Journal of General Internal Medicine

, Volume 34, Issue 12, pp 2763–2771 | Cite as

Association between Physician Intensity of Antibiotic Prescribing and the Prescription of Benzodiazepines, Opioids and Proton-Pump Inhibitors to Nursing Home Residents: a Population-Based Observational Study

  • Kieran L. QuinnEmail author
  • Michael A. Campitelli
  • Christina Diong
  • Nick Daneman
  • Nathan M. Stall
  • Andrew M. Morris
  • Allan S. Detsky
  • Lianne Jeffs
  • Colleen J. Maxwell
  • Chaim M. Bell
  • Susan E. Bronskill
Original Research



Prescribing patterns for episodic medications, such as antibiotics, might make useful surrogate measures of a physician’s overall prescribing practice because use is common, and variation exists across prescribers. However, the extent to which a physician’s current antibiotic prescribing practices are associated with the rate of prescription of other potentially harmful medications remains unknown.


To examine the association between a physician’s rate of antibiotic prescribing and their prescribing rate of benzodiazepines, opioids and proton-pump inhibitors in older adults.


Population-based cohort study in nursing homes in Ontario, Canada, which provides comprehensive clinical, behavioural and functional information on all patients.


1926 physicians who provided care among 128,979 physician-patient pairs in 2015.

Main Measures

Likelihood of prescribing a benzodiazepine, opioid or proton-pump inhibitor between low-, average- and high-intensity antibiotic prescribers, adjusted for patient characteristics.

Key Results

Compared with average-intensity antibiotic prescribers, high-intensity prescribers had an increased likelihood of prescribing a benzodiazepine (odds ratio 1.21 [95% CI, 1.11–1.32]), an opioid (odds ratio 1.28 [95% CI, 1.17–1.39]) or a proton-pump inhibitor (odds ratio 1.38 [95% CI, 1.27–1.51]]. High-intensity antibiotic prescribers were more likely to be high prescribers of all three medications (odds ratio 6.24 [95% CI, 2.90–13.39]) and also more likely to initiate all three medications, compared with average-intensity prescribers.


The intensity of a physician’s episodic antibiotic prescribing was significantly associated with the likelihood of new and continued prescribing of opioids, benzodiazepines and proton-pump inhibitors in nursing homes. Patterns of episodic prescribing may be a useful mechanism to target physician-level interventions to optimize general prescribing behaviors, instead of prescribing behaviors for single medications.


physicians practice patterns drug prescriptions anti-bacterial agents inappropriate prescribing nursing home 



We wish to thank Matthew Kumar for his assistance with the creation of some of the figures. We also thank IMS Brogan Inc. for use of their Drug Information Database.

Funding Information

This research was funded in part by the Canadian Frailty Network (SIG2014-M1) which is supported by the Government of Canada through Networks of Centres of Excellence (NCE) Program, and also the Canadian Institutes of Health Research (CIHR) through an operating grant (Exploring frailty and its role in the assessment of high risk medications and risk of poor health outcomes in vulnerable populations—MOP-136854). This study was supported by the Institute for Clinical Evaluative Sciences (ICES), which is funded by an annual grant from the Ontario Ministry of Health and Long-Term Care (MOHLTC). Kieran Quinn receives funding from the CIHR Vanier Scholarship Program, the Eliot Phillipson Clinician-Scientist Training Program and the Clinician Investigator Program at the University of Toronto.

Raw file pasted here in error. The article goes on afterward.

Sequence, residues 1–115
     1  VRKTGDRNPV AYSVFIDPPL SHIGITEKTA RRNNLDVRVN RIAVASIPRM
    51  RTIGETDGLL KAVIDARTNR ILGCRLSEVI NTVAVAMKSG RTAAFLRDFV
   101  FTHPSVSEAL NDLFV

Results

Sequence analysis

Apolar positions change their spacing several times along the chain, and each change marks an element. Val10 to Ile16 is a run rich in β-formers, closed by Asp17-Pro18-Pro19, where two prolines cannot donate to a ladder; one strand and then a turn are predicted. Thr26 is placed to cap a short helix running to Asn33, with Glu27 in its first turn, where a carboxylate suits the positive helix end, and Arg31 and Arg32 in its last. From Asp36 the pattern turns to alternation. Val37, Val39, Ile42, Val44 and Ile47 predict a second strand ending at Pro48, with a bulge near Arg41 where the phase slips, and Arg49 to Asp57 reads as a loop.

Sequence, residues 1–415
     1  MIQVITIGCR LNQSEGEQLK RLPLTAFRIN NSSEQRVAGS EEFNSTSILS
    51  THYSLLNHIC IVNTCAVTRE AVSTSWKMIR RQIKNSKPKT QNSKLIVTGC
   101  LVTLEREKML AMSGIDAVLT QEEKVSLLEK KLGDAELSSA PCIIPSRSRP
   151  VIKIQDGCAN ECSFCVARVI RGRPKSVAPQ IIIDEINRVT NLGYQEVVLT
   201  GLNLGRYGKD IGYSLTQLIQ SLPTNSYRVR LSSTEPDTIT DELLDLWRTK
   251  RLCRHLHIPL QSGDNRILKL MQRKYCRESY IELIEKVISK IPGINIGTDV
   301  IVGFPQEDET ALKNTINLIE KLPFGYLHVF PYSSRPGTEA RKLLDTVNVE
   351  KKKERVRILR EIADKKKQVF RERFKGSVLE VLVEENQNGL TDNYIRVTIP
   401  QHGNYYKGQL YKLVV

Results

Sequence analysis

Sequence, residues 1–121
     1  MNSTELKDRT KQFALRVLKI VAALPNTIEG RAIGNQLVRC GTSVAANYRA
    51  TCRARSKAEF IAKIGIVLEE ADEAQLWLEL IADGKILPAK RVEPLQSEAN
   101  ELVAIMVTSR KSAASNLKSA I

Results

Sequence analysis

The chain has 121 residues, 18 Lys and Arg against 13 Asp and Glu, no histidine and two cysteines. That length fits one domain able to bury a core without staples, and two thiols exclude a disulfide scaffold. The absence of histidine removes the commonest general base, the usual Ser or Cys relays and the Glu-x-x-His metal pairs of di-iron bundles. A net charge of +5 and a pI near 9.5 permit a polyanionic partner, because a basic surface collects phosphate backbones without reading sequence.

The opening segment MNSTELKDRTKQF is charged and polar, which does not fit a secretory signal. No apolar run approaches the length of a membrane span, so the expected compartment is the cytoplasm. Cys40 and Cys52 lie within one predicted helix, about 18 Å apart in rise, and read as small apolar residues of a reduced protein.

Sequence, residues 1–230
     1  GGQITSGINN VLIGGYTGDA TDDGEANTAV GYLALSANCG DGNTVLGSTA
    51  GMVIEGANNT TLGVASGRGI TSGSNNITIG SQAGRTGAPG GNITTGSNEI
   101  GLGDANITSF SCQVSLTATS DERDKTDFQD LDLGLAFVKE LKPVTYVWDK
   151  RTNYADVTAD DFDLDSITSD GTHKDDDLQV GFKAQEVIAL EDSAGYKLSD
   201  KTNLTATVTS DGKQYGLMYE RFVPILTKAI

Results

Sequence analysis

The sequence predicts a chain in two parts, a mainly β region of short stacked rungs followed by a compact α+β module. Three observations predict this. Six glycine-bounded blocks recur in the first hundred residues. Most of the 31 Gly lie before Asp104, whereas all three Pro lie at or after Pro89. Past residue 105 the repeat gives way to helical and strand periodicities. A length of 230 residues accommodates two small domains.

Compliance with Ethical Standards

Conflict of Interest

The authors declare that they do not have a conflict of interest.


The opinions, results and conclusions reported in this paper are those of the authors and are independent from the funding sources. No endorsement by IC/ES or the Ontario MOHLTC is intended or should be inferred. Parts of this material are based on data and information compiled and provided by the Canadian Institute for Health Information (CIHI). However, the analyses, conclusions, opinions and statements expressed herein are those of the author, and not necessarily those of CIHI.

Supplementary material

11606_2019_5333_MOESM1_ESM.docx (286 kb)
ESM 1 (DOCX 285 kb)


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Copyright information

© Society of General Internal Medicine 2019

Authors and Affiliations

  • Kieran L. Quinn
    • 1
    • 2
    • 3
    • 4
    Email author
  • Michael A. Campitelli
    • 2
  • Christina Diong
    • 2
  • Nick Daneman
    • 1
    • 2
    • 3
    • 5
    • 6
  • Nathan M. Stall
    • 3
    • 7
    • 8
  • Andrew M. Morris
    • 1
    • 4
    • 9
  • Allan S. Detsky
    • 1
    • 3
    • 4
  • Lianne Jeffs
    • 3
    • 10
  • Colleen J. Maxwell
    • 2
    • 11
  • Chaim M. Bell
    • 1
    • 2
    • 3
    • 4
  • Susan E. Bronskill
    • 2
    • 3
    • 5
    • 7
  1. 1.Department of MedicineUniversity of TorontoTorontoCanada
  2. 2.ICESTorontoCanada
  3. 3.Institute of Health Policy, Management and EvaluationUniversity of TorontoTorontoCanada
  4. 4.Department of MedicineSinai Health SystemTorontoCanada
  5. 5.Sunnybrook Research InstituteTorontoCanada
  6. 6.Division of Infectious Diseases, Sunnybrook Health Sciences CentreUniversity of TorontoTorontoCanada
  7. 7.Women’s College Research InstituteWomen’s College HospitalTorontoCanada
  8. 8.Division of Geriatric MedicineUniversity of TorontoTorontoCanada
  9. 9.Department of MedicineUniversity Health NetworkTorontoCanada
  10. 10.St. Michael’s HospitalTorontoCanada
  11. 11.Schools of Pharmacy and Public Health & Health SystemsUniversity of WaterlooWaterlooCanada

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